3. What are the health problems of this breed? A bad answer is "none" - it's just not true. As in all pedigreed animals, the MC has some potential inherited problems. The breeder should not only identify these breed health problems, but should tell you what they are doing to try to prevent these things from happening in their offspring. This is one reason the established show/breeders stay in touch - we share information freely and often. BYB's may tell you that the breed is perfectly healthy and that there is no problem. This is equivalent to the used-car salesmen telling you the car was only driven by an old lady to church on Sundays. Beware.

    If you ask a BYB "how much Heidi Ho is in your pedigrees?" they will answer, "Huh?" There's nothing wrong with Heidi Ho pedigrees, but they were used extensively early in the development of the MC, and most breeders are careful to identify how much of this line is in their cats. They will look at you askance if you ask this question, but will have an answer. BYB's will have no idea what you are talking about

  4. How old will the kitten be before it comes home? Ten weeks is minimum, most breeders hold kittens until 12 weeks or maybe longer. MC's are a slow developing breed, and need a long period of nurturing from both their mothers and breeders. Kittens develop their sense of bonding with humans between 2 and l0 weeks of age - it's wrong to break their bond to their FIRST "human" - the breeder - any earlier. They also have not developed their immune systems or had their necessary shots before l0 weeks of age. Any breeder selling kittens younger than this is more interested in moving the kittens out and getting the money than in raising healthy, stable, happy kittens. At about l2-l3 weeks, a MC kitten is going to be gaining a quarter to half pound a week, and is confident and ready to bounce right into its new home with confidence. Don't worry - they may be "big", but they are still "babies!"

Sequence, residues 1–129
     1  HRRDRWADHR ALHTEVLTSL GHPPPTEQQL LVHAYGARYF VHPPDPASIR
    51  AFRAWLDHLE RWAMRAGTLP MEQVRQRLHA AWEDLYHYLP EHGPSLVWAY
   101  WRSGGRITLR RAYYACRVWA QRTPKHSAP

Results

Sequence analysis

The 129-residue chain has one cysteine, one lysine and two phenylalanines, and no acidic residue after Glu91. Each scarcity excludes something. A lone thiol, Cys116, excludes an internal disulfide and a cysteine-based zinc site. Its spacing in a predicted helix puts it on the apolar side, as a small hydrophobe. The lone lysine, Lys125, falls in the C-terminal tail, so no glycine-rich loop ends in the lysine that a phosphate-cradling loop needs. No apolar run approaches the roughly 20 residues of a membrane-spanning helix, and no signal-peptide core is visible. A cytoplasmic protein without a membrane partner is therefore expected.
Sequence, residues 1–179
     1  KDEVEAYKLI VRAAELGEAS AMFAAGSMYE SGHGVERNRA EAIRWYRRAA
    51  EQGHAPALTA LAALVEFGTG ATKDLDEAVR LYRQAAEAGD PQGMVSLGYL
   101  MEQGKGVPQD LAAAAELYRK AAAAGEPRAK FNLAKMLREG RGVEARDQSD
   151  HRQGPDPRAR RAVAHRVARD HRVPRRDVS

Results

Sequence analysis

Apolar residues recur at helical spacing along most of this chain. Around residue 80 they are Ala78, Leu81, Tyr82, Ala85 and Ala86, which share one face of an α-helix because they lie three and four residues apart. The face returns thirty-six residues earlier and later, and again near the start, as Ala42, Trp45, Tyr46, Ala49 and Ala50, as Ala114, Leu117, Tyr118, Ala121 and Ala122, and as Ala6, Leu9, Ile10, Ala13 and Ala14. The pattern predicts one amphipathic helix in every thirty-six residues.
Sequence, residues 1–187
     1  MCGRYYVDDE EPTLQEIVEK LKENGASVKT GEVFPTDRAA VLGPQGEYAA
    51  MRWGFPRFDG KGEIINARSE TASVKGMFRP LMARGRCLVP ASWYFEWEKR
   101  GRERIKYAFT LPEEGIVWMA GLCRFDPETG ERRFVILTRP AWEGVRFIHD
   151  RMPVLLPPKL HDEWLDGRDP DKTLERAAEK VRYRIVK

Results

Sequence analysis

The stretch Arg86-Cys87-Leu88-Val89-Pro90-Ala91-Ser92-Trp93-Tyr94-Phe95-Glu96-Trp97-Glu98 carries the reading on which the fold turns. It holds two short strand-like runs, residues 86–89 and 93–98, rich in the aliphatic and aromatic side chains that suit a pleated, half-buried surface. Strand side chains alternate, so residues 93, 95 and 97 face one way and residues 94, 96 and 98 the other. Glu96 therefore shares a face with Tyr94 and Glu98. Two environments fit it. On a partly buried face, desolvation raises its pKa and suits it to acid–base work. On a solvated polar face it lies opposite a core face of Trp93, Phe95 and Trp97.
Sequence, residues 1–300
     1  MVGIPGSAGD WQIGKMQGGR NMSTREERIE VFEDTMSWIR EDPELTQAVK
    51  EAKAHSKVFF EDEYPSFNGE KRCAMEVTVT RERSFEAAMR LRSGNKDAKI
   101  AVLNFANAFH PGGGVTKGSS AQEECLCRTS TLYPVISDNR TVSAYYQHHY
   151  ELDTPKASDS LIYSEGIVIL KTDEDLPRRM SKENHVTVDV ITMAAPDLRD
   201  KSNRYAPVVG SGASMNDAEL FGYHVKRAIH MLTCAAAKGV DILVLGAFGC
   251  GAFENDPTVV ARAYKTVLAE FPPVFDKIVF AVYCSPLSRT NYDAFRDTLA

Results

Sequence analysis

5. Will the kitten be registered? It's kind of silly to have a purebred cat and not register it - the cost is less than $l0. Generally, the breeder will provide the "blue slip", or official registration, when you notify the breeder that the kitten has been neutered.

  6. Will I get a contract and written health warranty? You should. And read the contract specifications carefully. Most breeders will be requiring that the kitten be kept strictly indoors, not declawed, not shown without permission, and neutered at a specific age. Another clause in most contracts is that this kitten may not be transferred to anyone else without obtaining the breeder's permission (hey, we interviewed YOU!)...and that, if for some reason you cannot keep this cat in the future, the breeder must be given the opportunity to take the cat back and assist in finding it a new home. This is because a nightmare to a legitimate breeder would be to find out that one of his/her cherished kittens ended up in a pound. This should never, ever happen.